When I was small, love seemed like a fantasy, something that only happened to other people and witnessed vicariously. I had crushes on boys, because I thought I should. The ones who seemed like they had their shit together and never talked to me were the ones I liked best.
My middle school had monthly dances, which gave the popular kids a chance to pair up. Their sterile swaying side-by-side formed an impenetrable snake of popularity across the gym to 90’s love songs. You were either in it or you weren’t. Those of us who weren’t felt the chasm of rejection in a big way.
In those days, I wanted nothing more than to be popular, to fit in and to tap that unknowable vibe that all the popular kids seamlessly flowed into, without effort or awareness. I went to nearly 30 school dances before one boy finally asked me to dance. He was the younger brother of a girl I sort of knew, rail thin and awkward like me. In those days, a two year age difference was a like a kiss of death, the stink of desperation for chumming the sea of underclassman for love. The bullies’ work was cut out for them, jokes practically writing themselves. Still he was a nice enough kid, and no one had ever asked me before, so I said yes.
We didn’t join the winding snake of couples, but danced quietly in the corner near the coats were hung. My friends awkwardly stood around, until one asked loudly if we were “going out,” a term akin to marriage in the middle school level. We looked awkwardly at each other and sort of shrugged. I guess that was his way of saying yes, but nothing was very official about it.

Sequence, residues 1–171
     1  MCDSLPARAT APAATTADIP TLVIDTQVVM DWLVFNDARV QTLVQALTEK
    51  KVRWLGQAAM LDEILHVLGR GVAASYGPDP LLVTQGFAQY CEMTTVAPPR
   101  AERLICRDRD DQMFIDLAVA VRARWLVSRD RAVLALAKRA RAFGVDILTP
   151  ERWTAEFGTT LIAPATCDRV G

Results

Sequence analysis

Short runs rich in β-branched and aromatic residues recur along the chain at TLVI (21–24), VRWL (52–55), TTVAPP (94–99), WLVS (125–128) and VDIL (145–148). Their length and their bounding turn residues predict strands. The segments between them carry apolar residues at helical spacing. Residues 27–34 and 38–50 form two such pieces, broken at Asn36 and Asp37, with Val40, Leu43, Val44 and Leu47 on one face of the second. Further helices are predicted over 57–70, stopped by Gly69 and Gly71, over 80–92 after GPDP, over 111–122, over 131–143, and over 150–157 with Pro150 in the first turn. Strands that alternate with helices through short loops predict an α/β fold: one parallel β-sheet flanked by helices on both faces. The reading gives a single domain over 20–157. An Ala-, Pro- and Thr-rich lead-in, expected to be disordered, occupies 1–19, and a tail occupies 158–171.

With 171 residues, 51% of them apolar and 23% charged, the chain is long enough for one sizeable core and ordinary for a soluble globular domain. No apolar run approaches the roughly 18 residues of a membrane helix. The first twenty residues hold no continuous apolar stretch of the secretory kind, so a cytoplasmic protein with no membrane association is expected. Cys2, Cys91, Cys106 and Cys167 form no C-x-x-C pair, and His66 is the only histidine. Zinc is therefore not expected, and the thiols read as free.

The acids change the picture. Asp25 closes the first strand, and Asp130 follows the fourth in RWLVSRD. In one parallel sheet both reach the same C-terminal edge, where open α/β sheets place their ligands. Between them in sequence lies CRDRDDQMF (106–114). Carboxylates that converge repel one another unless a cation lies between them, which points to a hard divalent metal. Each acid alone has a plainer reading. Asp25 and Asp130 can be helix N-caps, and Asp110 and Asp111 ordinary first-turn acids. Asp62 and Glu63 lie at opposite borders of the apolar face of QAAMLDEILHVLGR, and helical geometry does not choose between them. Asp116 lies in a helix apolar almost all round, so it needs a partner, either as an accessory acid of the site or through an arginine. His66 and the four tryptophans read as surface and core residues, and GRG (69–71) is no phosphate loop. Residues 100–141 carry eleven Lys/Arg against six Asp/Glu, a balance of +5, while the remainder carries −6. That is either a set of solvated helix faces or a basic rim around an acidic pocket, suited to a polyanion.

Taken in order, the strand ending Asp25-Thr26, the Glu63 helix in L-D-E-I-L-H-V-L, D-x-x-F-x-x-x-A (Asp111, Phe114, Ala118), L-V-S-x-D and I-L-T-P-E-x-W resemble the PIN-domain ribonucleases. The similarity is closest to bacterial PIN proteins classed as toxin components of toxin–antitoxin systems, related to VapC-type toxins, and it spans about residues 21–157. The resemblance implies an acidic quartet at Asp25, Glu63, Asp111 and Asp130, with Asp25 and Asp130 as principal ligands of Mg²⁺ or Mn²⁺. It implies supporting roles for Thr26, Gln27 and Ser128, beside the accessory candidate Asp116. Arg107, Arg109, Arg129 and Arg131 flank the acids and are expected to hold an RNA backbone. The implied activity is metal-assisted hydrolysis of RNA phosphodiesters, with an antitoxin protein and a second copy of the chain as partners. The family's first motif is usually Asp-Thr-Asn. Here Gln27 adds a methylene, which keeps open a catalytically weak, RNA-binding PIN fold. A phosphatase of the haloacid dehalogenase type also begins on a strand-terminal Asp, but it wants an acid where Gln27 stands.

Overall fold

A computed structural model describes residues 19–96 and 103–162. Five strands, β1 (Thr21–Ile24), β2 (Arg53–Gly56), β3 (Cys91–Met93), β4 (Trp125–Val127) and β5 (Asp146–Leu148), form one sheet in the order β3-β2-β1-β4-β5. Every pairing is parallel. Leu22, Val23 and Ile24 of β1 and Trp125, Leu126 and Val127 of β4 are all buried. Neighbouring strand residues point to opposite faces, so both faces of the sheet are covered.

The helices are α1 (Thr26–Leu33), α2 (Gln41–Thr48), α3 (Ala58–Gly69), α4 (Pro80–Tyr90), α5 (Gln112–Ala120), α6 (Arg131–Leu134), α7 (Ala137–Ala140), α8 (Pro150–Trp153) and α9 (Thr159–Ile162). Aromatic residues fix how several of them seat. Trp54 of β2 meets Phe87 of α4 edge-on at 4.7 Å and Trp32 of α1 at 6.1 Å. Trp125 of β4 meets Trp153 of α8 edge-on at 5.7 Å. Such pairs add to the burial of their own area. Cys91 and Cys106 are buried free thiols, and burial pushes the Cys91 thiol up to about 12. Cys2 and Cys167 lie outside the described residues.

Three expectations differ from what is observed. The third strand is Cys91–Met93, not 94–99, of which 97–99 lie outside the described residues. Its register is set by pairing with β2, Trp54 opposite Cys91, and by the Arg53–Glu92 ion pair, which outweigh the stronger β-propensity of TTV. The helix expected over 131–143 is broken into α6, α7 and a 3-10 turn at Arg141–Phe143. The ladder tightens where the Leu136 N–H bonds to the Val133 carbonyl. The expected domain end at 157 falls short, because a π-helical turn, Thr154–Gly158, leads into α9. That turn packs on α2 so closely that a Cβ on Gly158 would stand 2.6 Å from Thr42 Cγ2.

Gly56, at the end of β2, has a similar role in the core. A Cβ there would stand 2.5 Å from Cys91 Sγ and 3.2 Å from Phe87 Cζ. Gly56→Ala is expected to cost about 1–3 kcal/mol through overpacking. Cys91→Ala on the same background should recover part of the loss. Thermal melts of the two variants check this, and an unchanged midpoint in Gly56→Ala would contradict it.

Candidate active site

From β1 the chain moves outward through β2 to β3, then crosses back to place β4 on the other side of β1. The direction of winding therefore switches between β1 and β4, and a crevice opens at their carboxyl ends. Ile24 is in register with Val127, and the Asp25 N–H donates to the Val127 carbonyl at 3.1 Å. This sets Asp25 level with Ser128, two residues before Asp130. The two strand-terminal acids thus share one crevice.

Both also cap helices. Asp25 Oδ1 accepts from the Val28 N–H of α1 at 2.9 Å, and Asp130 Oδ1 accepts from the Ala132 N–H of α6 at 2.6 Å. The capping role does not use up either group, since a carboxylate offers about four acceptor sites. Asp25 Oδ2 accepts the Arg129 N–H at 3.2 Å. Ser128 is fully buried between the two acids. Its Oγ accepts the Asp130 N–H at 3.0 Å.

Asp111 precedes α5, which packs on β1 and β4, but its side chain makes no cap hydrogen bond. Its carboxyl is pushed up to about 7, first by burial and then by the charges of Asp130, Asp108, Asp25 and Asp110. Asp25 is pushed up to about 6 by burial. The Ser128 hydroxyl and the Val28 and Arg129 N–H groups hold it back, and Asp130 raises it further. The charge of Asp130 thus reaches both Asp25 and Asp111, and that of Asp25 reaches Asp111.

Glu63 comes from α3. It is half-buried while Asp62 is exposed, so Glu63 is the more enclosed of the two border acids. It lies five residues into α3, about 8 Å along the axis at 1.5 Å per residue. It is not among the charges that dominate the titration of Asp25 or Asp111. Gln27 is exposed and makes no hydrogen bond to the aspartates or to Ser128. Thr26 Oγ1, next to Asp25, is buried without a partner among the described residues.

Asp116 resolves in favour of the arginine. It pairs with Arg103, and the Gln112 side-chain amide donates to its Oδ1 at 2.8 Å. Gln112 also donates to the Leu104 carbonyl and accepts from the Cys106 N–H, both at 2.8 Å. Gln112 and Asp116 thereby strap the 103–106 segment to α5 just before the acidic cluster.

Going home that night, my stomach began to sink, the charm of the idea of having my first dance wore off so quickly, I began to hate myself for wanting it in the first place. Now I was stuck with a boyfriend I wasn’t sure I wanted. The news at school would travel quickly and I began to panic.
It was close to Christmas when he began to call me. Every day, I tried to keep up my end of the conversation, but soon found we had little in common. When we returned to school after winter break, he would leave notes for me in my locker, but we never saw each other. But for the teasing I endured from my classmates, it was almost like he didn’t really exist.
The bullies, as predicted, were all over this juicy development in my previously non-existent love life, asking with all the disgust they could muster if it was true. They may as well have asked if I were eating garbage on a pile of dead kittens. I didn’t know how to answer, only knowing I had to end things with this boy.
The best I could do was focus on a comment he’d made that my locker was messy, a flimsy excuse at best, but it would do. I broke it off and went back to pining over the unachievable boys in my own grade. I wouldn’t date again for another two years, each time that followed a more awkward and forced foray into the bizarre than the last.